We write together out of friendship.
Answering for our motivation in this way mostly disappoints those who ask why we wrote such an “unusual book” together.
Still, this is our best answer. Lacking reference to some kind of high-minded metaphysics (“making a difference”) or blatant self-interest (“why not write a book about a wild film?”), we suspect that this sounds like a put on. Far from it.
The “unusual book” is Realizing the Witch: Science, Cinema and the Mastery of the Invisible (Fordham University Press, 2016). In it we show how Benjamin Christensen’s 1922 film Häxan (The Witch––re-released as Häxan, Witchcraft Through the Ages in 2001) relates to wide debates taking place in the 1920s regarding the relationship of film to scientific evidence, the evolving study of religion from historical and anthropological perspectives, and the complex relations between popular culture, art, religion, medicine, and psychology.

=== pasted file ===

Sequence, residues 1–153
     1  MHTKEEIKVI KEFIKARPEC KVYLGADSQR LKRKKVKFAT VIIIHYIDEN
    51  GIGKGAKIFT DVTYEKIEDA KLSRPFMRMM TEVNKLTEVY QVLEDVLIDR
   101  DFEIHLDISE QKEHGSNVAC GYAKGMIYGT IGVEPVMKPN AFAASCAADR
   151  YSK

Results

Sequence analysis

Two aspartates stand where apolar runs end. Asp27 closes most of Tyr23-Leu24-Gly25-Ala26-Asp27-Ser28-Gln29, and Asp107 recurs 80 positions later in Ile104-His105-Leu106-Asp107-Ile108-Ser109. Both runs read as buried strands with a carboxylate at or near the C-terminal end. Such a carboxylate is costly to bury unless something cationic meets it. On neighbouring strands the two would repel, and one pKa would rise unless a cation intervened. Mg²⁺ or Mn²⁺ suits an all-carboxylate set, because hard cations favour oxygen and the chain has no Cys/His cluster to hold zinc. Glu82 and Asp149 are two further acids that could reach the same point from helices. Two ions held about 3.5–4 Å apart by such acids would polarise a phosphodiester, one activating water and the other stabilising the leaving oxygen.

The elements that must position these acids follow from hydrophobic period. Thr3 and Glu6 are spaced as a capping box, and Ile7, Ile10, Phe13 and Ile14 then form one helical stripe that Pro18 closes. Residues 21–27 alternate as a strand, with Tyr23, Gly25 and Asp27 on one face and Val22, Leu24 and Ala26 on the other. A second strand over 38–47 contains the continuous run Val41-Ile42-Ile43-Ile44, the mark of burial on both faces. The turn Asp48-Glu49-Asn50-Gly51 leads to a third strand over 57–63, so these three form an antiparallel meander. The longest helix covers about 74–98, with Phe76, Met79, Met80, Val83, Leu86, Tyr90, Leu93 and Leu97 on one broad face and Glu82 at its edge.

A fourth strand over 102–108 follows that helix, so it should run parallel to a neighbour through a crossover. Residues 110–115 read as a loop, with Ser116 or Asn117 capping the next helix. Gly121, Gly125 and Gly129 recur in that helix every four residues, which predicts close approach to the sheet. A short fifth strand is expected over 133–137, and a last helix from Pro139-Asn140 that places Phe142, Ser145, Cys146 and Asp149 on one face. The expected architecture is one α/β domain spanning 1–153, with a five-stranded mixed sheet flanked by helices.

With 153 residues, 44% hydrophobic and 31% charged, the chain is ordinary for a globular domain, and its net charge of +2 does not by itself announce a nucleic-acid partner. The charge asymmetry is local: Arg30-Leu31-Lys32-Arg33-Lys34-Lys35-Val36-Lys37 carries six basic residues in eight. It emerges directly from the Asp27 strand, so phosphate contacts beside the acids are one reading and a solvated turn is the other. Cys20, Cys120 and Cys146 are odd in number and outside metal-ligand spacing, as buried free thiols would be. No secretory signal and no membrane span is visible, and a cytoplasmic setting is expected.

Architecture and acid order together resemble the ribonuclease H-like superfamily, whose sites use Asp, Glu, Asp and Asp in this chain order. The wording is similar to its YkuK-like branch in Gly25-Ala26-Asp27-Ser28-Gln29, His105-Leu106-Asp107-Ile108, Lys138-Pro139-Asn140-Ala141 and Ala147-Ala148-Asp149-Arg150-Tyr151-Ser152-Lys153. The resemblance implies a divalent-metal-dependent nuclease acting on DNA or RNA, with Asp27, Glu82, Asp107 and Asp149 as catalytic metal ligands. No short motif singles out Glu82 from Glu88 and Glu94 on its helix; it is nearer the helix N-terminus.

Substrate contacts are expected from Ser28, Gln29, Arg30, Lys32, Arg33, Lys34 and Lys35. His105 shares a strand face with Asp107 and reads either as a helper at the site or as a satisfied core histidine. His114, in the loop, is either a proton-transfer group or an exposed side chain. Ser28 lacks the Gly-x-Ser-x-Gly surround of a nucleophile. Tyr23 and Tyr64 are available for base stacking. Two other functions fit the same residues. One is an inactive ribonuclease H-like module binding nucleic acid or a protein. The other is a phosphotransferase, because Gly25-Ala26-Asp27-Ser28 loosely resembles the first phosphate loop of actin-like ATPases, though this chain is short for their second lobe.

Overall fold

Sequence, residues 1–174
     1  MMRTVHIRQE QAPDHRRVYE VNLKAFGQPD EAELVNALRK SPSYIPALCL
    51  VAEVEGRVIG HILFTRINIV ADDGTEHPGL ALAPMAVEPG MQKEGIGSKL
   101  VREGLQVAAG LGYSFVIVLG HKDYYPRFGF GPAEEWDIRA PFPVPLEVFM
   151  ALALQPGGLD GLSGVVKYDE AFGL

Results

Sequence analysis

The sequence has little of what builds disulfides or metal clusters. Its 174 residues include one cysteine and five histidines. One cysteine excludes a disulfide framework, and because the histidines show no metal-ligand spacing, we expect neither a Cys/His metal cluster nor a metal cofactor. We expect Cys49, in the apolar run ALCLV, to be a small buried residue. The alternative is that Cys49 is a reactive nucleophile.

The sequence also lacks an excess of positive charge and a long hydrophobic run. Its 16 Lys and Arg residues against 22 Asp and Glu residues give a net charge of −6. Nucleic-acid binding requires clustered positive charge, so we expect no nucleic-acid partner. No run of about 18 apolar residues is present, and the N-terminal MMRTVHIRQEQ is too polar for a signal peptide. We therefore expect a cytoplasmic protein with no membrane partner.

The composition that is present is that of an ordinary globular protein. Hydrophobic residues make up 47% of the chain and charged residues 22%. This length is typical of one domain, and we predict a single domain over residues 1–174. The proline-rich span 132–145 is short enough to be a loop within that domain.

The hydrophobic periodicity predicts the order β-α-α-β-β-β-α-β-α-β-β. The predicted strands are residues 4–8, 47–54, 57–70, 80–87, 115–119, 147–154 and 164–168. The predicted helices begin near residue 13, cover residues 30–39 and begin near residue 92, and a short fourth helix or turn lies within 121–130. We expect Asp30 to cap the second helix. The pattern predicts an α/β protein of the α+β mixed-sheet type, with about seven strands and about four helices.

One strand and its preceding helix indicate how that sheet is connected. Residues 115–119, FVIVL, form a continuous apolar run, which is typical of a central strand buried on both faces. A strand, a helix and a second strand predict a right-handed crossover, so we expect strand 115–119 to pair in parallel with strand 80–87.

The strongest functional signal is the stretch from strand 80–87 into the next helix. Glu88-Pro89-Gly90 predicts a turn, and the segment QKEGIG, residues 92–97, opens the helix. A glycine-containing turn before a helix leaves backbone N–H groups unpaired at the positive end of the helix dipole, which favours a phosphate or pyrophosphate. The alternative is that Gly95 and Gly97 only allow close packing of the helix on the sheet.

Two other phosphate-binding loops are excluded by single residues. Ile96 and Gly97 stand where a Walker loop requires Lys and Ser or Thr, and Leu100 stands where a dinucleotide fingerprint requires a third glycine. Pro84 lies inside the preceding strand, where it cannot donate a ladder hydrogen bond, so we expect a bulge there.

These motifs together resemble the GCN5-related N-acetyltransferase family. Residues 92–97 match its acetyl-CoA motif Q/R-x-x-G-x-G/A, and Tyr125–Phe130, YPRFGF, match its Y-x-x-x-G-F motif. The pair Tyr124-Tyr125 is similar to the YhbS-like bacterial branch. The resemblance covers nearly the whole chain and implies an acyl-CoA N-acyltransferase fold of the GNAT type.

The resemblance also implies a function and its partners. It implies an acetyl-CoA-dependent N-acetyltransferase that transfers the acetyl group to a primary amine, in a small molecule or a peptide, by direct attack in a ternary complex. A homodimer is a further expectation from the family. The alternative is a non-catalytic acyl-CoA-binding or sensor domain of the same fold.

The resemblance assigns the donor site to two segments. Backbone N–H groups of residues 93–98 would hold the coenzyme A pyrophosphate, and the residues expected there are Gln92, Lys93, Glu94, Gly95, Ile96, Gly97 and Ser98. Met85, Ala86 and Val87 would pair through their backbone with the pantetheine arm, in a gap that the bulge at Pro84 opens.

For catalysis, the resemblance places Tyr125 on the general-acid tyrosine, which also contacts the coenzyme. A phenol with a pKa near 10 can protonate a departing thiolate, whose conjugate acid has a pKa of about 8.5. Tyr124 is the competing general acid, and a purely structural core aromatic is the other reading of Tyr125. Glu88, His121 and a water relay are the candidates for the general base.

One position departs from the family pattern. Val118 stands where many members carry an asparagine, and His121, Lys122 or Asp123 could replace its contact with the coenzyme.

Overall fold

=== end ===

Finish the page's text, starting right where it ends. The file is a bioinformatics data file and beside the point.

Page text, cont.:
Realizing the Witch is expressed in a single voice that differs from either of ours alone. In many ways, so is Häxan. Christensen channels the spirits of his sources (medieval magistrates, spiritualists, psychical researchers, historians, psychiatrists) as a “scholarly” pursuit in cinematic form. In the same way we channelled a variety of friends––some “in the flesh” or over Skype (contemporary séance), but more often through their scholarship. Such friends provided us not only with a deep resource, but also inflect an ethic of connection through critically engaged work. Such friendships disqualify hard distinctions between passion and rigour but in no way deflect judgement from the work at hand––if anything, this demand becomes more intense. And we like it that way. Our list below acknowledges only a few of those friends we made during our own witch’s flight.
Read the full post at Books Combined.